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What Are Stars Like?

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"What about stars? What are stars like?”

Casey shoved him playfully. “You asked me that already. Gimme a new one.”

Brian shrugged and lay back against the hardwood floor. “I’m serious. What are stars like?”

She sighed, like she always did before she explained something. When she spoke, her voice was like warm milk, or cinnamon. “You’re standing beneath an umbrella, and all around you it’s raining. You stick your hand out and thousands of tiny droplets prick your palm and shatter in a million directions. If you listen ever so carefully, you can almost hear them. They sound like a baby, breathing.”

“Stars must be beautiful.”

“They are.”

For a moment, brother and sister lay silently on the living room floor, listening to the fire crackling and the clock reminding them that time would still continue.

There was a picture on the mantlepiece. It had been taken three years ago, on a beach somewhere. Casey was splashing in a tide pool and Brian cupped a starfish between his hands. He was smiling, running his fingers lightly over the textured skin of the creature, as if, just maybe, be could see it.

The real Brian lay sprawled there in front of the fire, unseeing eyes gazing off as he ran his thumb and forefinger over the hem of his T-Shirt. “Are you going to be mad if I ask you one more question?”

Casey watched his searching face, then she sighed. “Do I ever get to ask you a question?”

“You’re not the blind one, Case.”
“But what’s it like, though? To be blind, I mean?”

Brian thought hard about his answer. As time slipped by and life got more complicated, he and Casey spent less and less time sprawled in front of the fire and talking about things. Maybe there would never be another chance to tell her about his prison. “You’re standing at the edge of a cliff, your toes curled over the cold stone ledge. The wind plays in your hair and you can smell. . .lilacs. You step off the cliff and there’s a tiny moment where you’re floating. And then you fall. Falling, falling, forever. But even as you fall, you can still smell those lilacs.”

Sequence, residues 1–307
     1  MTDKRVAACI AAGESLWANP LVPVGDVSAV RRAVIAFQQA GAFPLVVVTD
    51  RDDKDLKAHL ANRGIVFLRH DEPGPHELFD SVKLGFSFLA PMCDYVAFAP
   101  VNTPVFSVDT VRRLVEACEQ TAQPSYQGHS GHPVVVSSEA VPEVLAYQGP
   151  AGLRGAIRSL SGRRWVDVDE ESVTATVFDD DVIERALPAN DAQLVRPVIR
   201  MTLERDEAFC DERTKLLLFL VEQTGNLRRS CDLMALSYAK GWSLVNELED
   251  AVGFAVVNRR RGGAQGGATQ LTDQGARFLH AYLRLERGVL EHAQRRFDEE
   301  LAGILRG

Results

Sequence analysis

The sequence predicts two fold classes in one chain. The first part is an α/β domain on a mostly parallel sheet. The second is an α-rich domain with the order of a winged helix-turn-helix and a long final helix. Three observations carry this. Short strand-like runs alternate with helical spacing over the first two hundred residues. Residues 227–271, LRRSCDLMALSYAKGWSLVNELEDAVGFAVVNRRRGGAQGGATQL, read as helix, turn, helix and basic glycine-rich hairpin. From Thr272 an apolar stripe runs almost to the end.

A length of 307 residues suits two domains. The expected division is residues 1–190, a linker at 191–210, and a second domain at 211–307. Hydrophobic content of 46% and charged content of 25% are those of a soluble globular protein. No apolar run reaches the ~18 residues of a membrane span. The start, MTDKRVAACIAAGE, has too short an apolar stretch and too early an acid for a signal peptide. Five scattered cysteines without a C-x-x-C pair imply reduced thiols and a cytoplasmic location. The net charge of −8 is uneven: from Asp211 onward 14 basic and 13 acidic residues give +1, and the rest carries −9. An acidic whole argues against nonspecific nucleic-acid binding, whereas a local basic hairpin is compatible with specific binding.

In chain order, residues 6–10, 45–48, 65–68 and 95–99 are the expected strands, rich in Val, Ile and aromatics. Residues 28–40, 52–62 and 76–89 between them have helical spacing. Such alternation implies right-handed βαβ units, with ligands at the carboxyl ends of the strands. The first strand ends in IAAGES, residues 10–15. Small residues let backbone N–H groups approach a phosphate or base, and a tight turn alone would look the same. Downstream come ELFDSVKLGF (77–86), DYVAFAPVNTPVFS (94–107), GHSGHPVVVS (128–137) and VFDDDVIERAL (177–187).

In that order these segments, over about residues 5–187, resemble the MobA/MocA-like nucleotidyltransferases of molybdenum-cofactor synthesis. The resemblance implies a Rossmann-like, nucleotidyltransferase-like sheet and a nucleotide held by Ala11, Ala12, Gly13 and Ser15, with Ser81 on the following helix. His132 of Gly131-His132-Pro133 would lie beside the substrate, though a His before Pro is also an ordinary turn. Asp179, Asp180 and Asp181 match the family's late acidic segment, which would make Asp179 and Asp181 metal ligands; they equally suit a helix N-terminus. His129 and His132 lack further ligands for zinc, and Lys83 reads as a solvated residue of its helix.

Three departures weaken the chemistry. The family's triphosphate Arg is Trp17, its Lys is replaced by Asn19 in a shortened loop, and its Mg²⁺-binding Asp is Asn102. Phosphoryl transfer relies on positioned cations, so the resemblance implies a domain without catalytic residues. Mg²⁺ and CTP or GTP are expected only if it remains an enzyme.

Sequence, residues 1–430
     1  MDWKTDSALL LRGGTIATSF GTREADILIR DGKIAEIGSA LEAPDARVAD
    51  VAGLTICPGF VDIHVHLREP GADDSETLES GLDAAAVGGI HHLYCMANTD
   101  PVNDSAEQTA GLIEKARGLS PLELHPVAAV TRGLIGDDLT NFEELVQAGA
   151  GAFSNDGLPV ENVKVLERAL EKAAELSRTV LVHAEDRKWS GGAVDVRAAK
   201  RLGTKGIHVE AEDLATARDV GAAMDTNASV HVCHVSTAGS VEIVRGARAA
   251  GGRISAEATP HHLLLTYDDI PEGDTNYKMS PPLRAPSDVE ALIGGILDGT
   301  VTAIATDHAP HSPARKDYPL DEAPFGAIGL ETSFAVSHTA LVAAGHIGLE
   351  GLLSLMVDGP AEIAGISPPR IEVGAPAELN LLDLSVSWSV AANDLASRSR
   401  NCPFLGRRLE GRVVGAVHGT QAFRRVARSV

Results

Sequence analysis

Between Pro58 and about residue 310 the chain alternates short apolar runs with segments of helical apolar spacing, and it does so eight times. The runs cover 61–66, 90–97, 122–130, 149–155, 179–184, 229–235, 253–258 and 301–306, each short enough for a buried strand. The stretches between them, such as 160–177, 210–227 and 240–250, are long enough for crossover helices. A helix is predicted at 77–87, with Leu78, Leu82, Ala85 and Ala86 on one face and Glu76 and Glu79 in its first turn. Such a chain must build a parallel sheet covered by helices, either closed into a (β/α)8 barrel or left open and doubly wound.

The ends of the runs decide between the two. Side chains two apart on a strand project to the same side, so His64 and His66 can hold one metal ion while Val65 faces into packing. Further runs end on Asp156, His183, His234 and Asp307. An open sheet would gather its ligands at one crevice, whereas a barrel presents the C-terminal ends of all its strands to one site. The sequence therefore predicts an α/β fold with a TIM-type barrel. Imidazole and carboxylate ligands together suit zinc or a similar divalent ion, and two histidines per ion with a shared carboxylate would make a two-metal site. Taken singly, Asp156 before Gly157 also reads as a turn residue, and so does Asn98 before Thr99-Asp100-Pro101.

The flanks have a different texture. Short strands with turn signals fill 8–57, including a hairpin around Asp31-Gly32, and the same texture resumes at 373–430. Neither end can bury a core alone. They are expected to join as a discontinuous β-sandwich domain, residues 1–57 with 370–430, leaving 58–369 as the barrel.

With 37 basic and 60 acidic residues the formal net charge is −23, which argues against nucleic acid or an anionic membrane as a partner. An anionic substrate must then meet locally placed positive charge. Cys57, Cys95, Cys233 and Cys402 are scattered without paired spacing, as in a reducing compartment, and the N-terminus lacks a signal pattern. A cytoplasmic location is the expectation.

Her voice was very small. “Is that so bad?”

“No. I still have lilacs.”

“Do you want to ask a question now?”
He wanted to ask her everything. He wanted her to show him what red looked like, and green. He wanted her to explain darkness and smiles and fire. Tomorrow would be busy, and the next day would be busier, and before he knew it Casey would be a successful lawyer or something, with a husband and a house and a life. He would still be her little brother, lost and aching. He had to ask his most important question, because he might not have another chance. “What’s sunset like?”

He heard rustling, crinkling. “Open your mouth, Bri,” she said softly.

It was chocolate. It melted on his tongue, filling his mouth with thick, warm sweetness. savored every last bit, swiping his tongue over his teeth to get the full experience.

He could practically hear Casey’s smile. “That, little bro, is a sunset.”





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